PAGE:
Blue Iguana Conservation on the Grand Cayman Islands announced that its breeding facility has so far produced 60 hatchling blue iguanas (Cyclura lewis
Blue Iguana Conservation on the Grand Cayman Islands announced that its breeding facility has so far produced 60 hatchling blue iguanas (Cyclura lewisi) in 2020.
The hatchlings are housed in a custom enclosure that is sectioned off from the rest of the facility, but now that the Covid19 lockdown has been lifted, tours are available to see the little lizards.
“Wild blue iguanas face many challenges, so their survival is precarious. Released captive-bred iguanas can, and do, persevere to reproduce successfully in the protected reserves, however, our research shows that the overall population remains under significant pressure. This makes the importance of this year’s arrivals even more of a momentous event to continue ensuring a future for our charismatic blue iguanas,” Luke Harding, BIC operations manager said in a statement.
“Despite the tremendous success of Blue Iguana Conservation to date, we need to be very conscious that we are still in the early stages of securing a sustainable population of wild blue iguanas. Most of the threats that drove this species towards extinction are still prevalent on this island, along with newly emerging threats, so there is much work still to be done”, he said.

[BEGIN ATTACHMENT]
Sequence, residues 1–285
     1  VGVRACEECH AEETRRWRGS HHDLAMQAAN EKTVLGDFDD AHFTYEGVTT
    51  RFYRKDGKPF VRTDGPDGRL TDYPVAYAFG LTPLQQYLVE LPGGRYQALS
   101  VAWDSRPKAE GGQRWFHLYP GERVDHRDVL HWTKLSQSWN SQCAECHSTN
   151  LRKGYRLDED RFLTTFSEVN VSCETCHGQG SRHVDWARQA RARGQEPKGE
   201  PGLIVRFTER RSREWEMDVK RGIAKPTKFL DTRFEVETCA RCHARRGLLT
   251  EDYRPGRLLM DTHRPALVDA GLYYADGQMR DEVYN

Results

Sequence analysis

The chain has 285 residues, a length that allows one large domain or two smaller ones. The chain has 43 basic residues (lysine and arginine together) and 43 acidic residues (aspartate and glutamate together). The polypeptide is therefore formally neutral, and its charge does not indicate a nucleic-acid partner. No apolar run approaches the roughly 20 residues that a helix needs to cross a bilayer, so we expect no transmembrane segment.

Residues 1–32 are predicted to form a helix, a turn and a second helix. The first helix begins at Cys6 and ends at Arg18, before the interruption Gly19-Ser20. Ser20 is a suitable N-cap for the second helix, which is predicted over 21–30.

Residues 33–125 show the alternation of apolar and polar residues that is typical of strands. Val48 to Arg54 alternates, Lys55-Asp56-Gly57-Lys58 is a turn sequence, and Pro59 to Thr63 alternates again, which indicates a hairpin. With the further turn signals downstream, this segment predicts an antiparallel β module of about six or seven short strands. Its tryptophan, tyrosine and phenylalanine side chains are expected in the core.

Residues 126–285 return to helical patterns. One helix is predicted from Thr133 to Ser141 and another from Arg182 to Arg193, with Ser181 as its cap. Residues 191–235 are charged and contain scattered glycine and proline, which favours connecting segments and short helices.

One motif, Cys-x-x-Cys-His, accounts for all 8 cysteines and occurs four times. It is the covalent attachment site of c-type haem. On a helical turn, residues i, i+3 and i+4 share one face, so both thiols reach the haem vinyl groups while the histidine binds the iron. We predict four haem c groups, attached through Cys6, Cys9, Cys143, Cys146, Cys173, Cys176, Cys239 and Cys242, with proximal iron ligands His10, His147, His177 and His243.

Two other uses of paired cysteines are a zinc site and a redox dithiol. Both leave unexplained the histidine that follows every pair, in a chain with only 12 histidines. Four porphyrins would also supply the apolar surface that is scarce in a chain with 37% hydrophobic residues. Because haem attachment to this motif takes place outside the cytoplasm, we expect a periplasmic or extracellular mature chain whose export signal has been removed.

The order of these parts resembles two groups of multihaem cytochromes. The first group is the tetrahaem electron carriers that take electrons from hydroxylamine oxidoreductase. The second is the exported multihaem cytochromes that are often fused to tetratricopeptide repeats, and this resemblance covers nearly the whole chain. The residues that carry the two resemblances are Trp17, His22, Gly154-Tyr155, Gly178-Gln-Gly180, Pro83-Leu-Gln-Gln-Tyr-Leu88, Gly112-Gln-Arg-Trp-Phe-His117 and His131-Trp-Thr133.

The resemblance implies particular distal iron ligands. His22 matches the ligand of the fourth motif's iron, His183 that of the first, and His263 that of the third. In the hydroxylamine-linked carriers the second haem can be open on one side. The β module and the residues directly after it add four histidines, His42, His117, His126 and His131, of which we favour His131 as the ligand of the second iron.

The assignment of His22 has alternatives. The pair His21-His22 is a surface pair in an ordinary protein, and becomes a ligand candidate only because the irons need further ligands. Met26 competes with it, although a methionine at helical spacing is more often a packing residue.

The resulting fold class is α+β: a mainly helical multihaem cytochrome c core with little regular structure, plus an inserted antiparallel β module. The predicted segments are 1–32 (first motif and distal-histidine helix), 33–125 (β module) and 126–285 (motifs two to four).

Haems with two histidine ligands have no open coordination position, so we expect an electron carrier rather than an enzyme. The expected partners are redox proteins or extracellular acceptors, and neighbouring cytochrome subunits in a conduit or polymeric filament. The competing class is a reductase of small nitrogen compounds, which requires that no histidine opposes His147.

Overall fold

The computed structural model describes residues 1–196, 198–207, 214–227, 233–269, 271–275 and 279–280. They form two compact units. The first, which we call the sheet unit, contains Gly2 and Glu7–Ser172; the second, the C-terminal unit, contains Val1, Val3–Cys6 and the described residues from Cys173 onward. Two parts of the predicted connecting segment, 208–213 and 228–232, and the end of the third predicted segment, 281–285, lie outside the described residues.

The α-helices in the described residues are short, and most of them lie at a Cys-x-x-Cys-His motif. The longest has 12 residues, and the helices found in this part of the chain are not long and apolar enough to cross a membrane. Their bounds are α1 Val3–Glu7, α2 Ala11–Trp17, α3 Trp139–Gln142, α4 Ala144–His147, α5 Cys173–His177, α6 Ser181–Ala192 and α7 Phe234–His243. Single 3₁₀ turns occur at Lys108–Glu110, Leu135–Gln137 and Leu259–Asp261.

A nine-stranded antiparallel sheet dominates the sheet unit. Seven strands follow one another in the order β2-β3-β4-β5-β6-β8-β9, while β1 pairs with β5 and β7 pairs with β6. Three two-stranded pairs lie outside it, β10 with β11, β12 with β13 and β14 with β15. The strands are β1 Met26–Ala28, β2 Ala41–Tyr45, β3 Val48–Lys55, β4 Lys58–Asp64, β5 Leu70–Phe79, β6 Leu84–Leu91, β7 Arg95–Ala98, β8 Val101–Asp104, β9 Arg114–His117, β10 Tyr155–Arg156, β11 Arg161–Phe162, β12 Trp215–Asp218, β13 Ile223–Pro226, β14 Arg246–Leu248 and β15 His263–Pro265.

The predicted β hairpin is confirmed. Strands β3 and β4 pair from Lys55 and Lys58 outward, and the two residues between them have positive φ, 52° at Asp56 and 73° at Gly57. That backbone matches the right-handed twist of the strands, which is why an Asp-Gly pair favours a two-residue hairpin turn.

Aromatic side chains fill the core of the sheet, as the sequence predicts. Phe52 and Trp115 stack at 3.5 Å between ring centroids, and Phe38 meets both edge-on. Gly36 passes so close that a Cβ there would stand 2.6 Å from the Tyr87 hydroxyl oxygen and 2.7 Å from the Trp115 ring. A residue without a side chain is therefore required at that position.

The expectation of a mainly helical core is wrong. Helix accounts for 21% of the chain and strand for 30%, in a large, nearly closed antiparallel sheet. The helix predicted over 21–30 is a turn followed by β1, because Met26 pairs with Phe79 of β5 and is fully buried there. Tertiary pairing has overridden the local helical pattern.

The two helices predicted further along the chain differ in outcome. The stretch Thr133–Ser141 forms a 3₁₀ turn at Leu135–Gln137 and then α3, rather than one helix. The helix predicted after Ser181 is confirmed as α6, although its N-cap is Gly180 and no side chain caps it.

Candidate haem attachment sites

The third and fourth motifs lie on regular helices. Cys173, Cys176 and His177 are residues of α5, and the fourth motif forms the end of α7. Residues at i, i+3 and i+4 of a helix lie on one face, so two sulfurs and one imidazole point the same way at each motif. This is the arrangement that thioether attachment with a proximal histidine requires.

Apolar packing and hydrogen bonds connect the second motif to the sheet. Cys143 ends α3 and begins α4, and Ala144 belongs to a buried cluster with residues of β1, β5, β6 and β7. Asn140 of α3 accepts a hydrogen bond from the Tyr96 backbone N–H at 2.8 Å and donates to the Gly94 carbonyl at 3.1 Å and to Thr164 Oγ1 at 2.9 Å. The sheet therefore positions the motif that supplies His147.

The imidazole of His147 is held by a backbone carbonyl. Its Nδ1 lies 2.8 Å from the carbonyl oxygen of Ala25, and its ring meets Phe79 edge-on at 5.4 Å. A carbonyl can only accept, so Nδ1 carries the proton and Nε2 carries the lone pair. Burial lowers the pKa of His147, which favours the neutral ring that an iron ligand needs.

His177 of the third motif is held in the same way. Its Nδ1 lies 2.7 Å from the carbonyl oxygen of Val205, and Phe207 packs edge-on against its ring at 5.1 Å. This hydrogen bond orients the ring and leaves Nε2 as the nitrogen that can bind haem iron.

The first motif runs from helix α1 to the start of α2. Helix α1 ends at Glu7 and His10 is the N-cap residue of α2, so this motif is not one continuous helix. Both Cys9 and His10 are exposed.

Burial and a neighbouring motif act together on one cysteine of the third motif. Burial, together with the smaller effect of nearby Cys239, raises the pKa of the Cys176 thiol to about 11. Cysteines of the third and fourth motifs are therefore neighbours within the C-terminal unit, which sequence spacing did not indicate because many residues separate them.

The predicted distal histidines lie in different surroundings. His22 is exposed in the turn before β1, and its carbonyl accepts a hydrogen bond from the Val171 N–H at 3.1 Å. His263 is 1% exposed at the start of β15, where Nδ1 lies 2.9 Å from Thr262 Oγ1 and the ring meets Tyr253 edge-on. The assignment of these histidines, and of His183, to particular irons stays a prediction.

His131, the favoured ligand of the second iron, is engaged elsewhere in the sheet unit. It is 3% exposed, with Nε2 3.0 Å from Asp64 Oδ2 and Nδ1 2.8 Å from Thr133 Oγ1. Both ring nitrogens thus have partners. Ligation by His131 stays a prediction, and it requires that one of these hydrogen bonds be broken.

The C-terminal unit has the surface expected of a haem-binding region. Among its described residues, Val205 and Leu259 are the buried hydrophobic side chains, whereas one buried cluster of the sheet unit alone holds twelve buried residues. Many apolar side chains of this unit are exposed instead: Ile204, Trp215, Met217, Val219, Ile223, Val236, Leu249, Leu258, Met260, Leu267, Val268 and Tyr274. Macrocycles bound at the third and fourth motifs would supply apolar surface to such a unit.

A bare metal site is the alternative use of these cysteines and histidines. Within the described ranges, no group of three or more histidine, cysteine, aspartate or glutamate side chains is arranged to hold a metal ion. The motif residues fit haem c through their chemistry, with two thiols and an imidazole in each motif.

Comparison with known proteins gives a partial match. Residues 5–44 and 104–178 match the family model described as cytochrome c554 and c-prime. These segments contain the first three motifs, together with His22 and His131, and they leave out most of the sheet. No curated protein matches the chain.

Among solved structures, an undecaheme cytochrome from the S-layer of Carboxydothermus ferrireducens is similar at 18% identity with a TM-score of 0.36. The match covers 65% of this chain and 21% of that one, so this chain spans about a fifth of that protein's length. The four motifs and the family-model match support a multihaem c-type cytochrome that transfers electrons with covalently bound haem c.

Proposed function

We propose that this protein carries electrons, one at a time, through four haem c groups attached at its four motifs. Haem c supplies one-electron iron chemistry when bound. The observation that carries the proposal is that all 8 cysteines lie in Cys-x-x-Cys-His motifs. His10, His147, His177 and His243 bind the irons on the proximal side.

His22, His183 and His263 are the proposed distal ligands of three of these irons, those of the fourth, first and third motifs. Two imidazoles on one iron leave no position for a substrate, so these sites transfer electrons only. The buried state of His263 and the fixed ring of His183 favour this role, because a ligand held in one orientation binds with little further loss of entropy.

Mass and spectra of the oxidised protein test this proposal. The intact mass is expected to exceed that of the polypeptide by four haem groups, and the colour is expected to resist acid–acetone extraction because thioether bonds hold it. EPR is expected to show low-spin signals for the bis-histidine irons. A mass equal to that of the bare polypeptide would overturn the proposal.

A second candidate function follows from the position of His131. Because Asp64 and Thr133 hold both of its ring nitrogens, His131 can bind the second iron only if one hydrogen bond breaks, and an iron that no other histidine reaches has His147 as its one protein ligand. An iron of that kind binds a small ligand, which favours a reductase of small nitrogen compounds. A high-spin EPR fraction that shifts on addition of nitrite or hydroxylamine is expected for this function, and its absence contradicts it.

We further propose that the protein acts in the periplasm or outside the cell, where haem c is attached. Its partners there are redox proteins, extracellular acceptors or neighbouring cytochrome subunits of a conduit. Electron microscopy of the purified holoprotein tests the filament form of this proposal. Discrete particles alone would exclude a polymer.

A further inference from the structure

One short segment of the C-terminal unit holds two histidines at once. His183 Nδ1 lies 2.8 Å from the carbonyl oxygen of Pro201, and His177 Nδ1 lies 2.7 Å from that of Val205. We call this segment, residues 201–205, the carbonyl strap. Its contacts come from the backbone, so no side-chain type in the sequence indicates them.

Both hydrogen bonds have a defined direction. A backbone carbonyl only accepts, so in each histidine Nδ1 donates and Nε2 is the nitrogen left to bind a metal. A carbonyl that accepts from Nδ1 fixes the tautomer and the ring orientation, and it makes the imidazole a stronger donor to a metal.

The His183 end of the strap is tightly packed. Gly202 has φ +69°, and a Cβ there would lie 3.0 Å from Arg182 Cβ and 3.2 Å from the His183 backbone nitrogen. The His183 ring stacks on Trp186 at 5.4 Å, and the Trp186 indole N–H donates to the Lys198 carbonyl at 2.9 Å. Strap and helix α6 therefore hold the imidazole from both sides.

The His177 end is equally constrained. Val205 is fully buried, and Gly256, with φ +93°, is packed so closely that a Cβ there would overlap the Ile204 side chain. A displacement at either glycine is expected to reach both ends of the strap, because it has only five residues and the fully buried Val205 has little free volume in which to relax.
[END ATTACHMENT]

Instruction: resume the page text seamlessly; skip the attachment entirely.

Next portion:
The large lizard, also known as the Grand Cayman ground iguana, Grand Cayman blue iguana or Cayman Island rock iguana is listed as threatened by the International Union for Conservation of Nature.
The blue iguana is one of the largest iguanas, at around five feet and weighing 30 pounds. In the wild, it feeds primarily on fruits and vegetables. The blue iguana has suffered on its island habitat, with its young decimated by feral cats. The lizard also has a penchant for sunning on the island’s roadways, where the lizards are then run over.